Secondly, one of the key strands of the LWEC inititative and focus of the recent Health Protection Agency (2012) report are the health and wellbeing effects of climate change. The number of heat days has been increasing statistically over the past twenty years. Consider the implications for a growing number of younger and older adults with respiratory and cardiovascular diseases. Changes to the indoor and outdoor environment as a result of ozone level changes and humidity may be particularly challenging for people living in substandard housing, ultimately the less affluent and resourceful segments of society will bear the most profound and extensive impact on their health, wellbeing and opportunities for participation.  This is clearly at the heart of the ‘Building Bridges’ Strategy that SDHI has adopted in 2011, which positions health, wellbeing and participation at the centre of four overlapping areas of influence (economy, environment, demography and technology). SDHI has closely worked in partnership with the Centre for Environmental Change and Human Resilience (CECHR), a joint initiative between the University of Dundee and the James Hutton Institute (JHI), which has produced joint PhD studentships and knowledge exchange events at the intersection of natural hazards, environmental impact and health and wellbeing. Information is also exchanged at the level of Steering Group and Management Team between the two interdisciplinary platforms. 
Thirdly, there is rising awareness in the LWEC community for concepts such as ‘vulnerability’ linked to adaptation. SDHI has a substantial social dimensions focus on population groups that are being considered as ‘vulnerable’; i.e. people who are homeless, people with disabilities, dementia, long-term conditions, low literacy and/or limited material resources. We are arguing for a socio-relational understanding of ‘vulnerability’. In other words, not specific populations are vulnerable but environmental and social processes can render them vulnerable via lack of access to needed resources, compromised opportunities for influence and self-determination and social and physical marginalisation and exclusion.
Clearly, SDHI’s multi- and interdisciplinary research over the past 9 years into service systems, organisations, behaviours and marginalised populations including people with disabilities has and will continue to make substantial contributions in this area. 
Finally, in ‘Building Bridges’ we have laid out a commitment to linking local and global expertise. Over the past year we have seen an increasing number of academic exchanges and presentations with local and global research relevance. This is also in line with the ambitious strategic plan of the University of Dundee, entitled ‘Transformation’.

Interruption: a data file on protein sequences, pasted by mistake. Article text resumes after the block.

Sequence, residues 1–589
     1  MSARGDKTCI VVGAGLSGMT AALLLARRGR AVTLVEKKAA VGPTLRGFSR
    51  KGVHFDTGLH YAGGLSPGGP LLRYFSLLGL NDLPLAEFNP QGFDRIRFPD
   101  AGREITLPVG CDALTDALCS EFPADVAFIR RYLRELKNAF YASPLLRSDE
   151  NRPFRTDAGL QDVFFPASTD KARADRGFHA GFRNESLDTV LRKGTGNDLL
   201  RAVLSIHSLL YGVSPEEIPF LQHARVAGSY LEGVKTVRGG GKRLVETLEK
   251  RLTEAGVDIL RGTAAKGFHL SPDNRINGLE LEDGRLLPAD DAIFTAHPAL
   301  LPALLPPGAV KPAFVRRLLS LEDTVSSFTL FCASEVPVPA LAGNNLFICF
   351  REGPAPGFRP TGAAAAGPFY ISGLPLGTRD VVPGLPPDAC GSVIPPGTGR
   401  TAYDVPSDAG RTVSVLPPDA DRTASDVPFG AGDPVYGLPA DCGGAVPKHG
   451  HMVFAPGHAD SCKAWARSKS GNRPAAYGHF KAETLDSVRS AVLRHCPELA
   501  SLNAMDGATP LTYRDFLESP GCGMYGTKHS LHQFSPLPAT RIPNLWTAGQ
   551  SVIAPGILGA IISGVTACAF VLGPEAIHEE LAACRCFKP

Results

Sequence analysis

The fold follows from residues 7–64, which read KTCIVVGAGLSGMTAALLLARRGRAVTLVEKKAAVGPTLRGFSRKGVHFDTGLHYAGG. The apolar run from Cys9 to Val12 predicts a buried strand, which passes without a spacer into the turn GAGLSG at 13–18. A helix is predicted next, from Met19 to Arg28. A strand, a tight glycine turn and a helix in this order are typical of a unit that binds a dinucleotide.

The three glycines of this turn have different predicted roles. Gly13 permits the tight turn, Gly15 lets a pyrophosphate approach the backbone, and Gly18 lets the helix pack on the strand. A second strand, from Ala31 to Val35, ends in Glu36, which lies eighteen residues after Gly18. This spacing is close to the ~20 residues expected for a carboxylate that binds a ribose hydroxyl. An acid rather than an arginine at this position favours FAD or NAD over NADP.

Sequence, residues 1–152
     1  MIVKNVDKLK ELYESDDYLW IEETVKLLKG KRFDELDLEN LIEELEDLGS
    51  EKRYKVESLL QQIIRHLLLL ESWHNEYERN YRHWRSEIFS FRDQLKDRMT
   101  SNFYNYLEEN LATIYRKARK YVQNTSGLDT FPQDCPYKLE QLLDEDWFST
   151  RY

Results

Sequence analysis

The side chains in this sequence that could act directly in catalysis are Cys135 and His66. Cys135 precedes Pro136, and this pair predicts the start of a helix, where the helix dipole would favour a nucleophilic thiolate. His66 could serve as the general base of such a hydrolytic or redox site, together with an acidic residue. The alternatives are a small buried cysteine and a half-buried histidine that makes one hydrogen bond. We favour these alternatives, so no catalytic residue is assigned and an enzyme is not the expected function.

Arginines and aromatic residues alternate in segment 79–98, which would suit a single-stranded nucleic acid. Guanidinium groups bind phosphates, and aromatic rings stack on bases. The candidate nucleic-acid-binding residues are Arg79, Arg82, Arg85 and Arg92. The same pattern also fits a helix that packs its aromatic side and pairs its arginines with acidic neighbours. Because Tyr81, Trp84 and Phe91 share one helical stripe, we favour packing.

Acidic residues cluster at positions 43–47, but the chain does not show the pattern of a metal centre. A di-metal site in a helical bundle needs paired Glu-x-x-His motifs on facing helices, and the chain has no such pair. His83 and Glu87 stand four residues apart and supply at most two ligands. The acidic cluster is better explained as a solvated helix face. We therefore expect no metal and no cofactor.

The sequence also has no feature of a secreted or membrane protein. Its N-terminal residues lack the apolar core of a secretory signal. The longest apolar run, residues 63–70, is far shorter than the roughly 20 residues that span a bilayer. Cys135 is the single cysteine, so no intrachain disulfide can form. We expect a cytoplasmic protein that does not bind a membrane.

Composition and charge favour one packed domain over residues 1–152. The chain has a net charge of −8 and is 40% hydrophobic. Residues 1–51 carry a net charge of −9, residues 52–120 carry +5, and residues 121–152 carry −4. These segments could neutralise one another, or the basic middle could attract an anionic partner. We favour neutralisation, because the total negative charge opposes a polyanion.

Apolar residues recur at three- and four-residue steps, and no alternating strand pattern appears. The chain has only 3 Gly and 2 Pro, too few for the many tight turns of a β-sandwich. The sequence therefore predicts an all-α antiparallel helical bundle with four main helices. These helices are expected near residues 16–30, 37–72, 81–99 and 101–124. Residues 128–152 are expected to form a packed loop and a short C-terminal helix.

We view climate and environmental change as one of the most significant challenges of the 21st Century, both from a basic scientific as well as from a social justice perspective. SDHI is committed to work in partnership with other organisations, research platforms and centres to inform through research and creative innovation the next Climate Change Risk Assessments (CCRA-2 and -3).

Geographer gives expert evidence to international panel

Dr Ed Hall, a lecturer in the Geography department at the University of Dundee and Associate Director of SDHI, has been giving evidence as an expert witness to a panel of world-leading academics reviewing the impact of geography research in the UK.

He was speaking at the Royal Geographic Society in London, where the Economic and Social Research Council have been holding an event as part of the International Benchmarking Review of UK Human Geography.

The high-profile review aims to highlight the standing and contribution of UK human geography against international benchmarks. It aims to identify ways of enhancing performance and capacity, and promoting future research agendas. The review will make recommendations for the Research Councils, funding organisations and, more broadly, for the discipline.

“I was very pleased to be asked to provide evidence to the panel,” said Dr Hall. “It is a fantastic opportunity to tell leading international academics, and others with a keen interest in geographical research, about the theoretical, methodological and research impact contributions that UK Human Geography makes to the development of the discipline.
“I will also take the opportunity to tell the panel about the groundbreaking research we do in Geography at Dundee, on children and youth, policing and crime, and disability and volunteering. Geography at Dundee was ranked joint top in Scotland in the most recent Research Assessment Exercise, clear evidence of our research quality.”

Dr Hall is a social geographer, with research interests in health, disability and social inclusion. He publishes widely in international peer-reviewed journals, most recently in ‘Geoforum’. His research is funded by ESRC, Scottish Government and Nuffield Foundation.

The International Benchmarking Review process is being undertaken by a panel of leading international experts, chaired by Professor David Ley, University of British Columbia, Canada, and includes academics, research funders, and users of human geography research.